- Rich Rodriguez doesn't mind rocking the boat at a Michigan program accustomed to the status quo, Drew Sharp writes in the Detroit Free Press. Don't be surprised to see two quarterbacks play in Michigan's season opener, Mark Snyder writes in the Detroit Free Press. Count on plenty of true freshmen being on the field, John Heuser writes in The Ann Arbor News. The Wolverines will start a new tradition, the "Victors Walk," before each home game this season, Angelique Chengelis writes in The Detroit News. I'll have to check that out on Saturday.
- Michigan State's new facility is long overdue and could have benefited previous coaches, Tim Staudt writes in the Lansing State Journal. The Spartans haven't beaten a Pac-10 team on the road since 1957, Joe Rexrode writes in his blog. The Cleveland Plain Dealer's Doug Lesmerises expects Sparty to start 7-0.
- Heralded Minnesota freshman quarterback MarQueis Gray is off the team, at least temporarily, because of an academic eligibility issue, Myron Medcalf writes in the Star Tribune. Redshirt freshman wideout Damien White has left the team, Marcus Fuller writes in the St. Paul Pioneer Press.
- Footwork could be the key to C.J. Bacher's consistency this fall at Northwestern, Lindsey Willhite writes in the Daily Herald. Wildcats coach Pat Fitzgerald is high on wide receiver Jeremy Ebert, the only true freshman on the Week 1 depth chart.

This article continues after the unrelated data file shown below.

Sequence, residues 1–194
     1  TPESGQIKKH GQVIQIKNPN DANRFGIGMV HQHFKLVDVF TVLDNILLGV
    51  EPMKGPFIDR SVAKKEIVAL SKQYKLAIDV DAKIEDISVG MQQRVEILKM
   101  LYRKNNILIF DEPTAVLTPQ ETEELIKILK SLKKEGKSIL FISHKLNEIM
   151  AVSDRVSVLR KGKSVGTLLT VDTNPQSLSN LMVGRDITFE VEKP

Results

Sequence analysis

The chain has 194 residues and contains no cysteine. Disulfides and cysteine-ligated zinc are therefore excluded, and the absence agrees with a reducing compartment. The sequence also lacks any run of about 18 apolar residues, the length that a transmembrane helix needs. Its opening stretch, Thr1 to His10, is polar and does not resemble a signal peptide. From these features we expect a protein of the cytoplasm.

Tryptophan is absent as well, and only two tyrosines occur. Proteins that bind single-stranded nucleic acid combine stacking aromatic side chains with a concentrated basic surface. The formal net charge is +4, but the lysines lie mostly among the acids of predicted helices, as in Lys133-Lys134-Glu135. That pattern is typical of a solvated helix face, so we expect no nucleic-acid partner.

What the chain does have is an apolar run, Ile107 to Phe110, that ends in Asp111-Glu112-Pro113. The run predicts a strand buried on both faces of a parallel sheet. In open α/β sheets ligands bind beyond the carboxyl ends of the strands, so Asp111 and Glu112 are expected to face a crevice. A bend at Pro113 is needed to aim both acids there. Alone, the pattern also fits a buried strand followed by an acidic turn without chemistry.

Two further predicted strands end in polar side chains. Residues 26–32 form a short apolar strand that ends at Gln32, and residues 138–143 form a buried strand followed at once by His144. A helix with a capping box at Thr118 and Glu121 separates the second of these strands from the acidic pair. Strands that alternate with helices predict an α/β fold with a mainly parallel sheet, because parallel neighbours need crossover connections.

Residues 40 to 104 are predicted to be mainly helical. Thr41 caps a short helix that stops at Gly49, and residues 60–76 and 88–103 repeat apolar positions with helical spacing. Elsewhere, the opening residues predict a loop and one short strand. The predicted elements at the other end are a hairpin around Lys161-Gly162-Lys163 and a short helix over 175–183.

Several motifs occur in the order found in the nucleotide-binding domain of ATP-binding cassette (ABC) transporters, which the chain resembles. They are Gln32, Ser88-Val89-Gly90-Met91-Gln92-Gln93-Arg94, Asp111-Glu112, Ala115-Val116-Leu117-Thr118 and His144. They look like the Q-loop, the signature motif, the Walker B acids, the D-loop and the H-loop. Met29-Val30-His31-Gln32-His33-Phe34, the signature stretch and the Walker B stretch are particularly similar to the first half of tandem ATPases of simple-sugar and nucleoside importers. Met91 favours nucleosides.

- Quarterback Todd Boeckman's surge of confidence is unmistakable at Ohio State, Tim May writes in The Columbus Dispatch. The Buckeyes seem to be taking no chances with hobbled running back Brandon Saine, Doug Lesmerises writes in The Cleveland Plain Dealer. Columbus Dispatch columnist Rob Oller is sick of SEC fans.
- Don't hold your breath for a starting quarterback to be named at Penn State, Jeff McLane writes in the Philadelphia Inquirer. Nittany Lions defensive end Mo Evans is setting the bar extremely high, like 24 sacks high, Todd Irwin writes in The Altoona Mirror. The Spread HD will look a lot like Penn State's 2005 offense, and the team needs some players to step up at linebacker, Bob Flounders writes in The (Harrisburg) Patriot-News.
- Purdue's Cory Benton finally gets his shot to start at center this fall, Tom Kubat writes in The Journal and Courier. The Boilers are still waiting for wideout D.J. Donley, a transfer from Georgia Tech, to arrive on campus. Donley might have to attend a junior college this season.
- Wisconsin starting safety Jay Valai doesn't lack much confidence, Jeff Potrykus writes in the Milwaukee Journal Sentinel. Badgers offensive coordinator Paul Chryst doesn't have a set system for developing quarterbacks, Jim Polzin writes in The Capital Times. The Badgers hope to end their Big Ten title drou
ght this fall. Ohio State fans aren't the only ones celebrating the Big Ten Network-Time Warner Cable deal, Don Walker writes in the Milwaukee Journal Sentinel.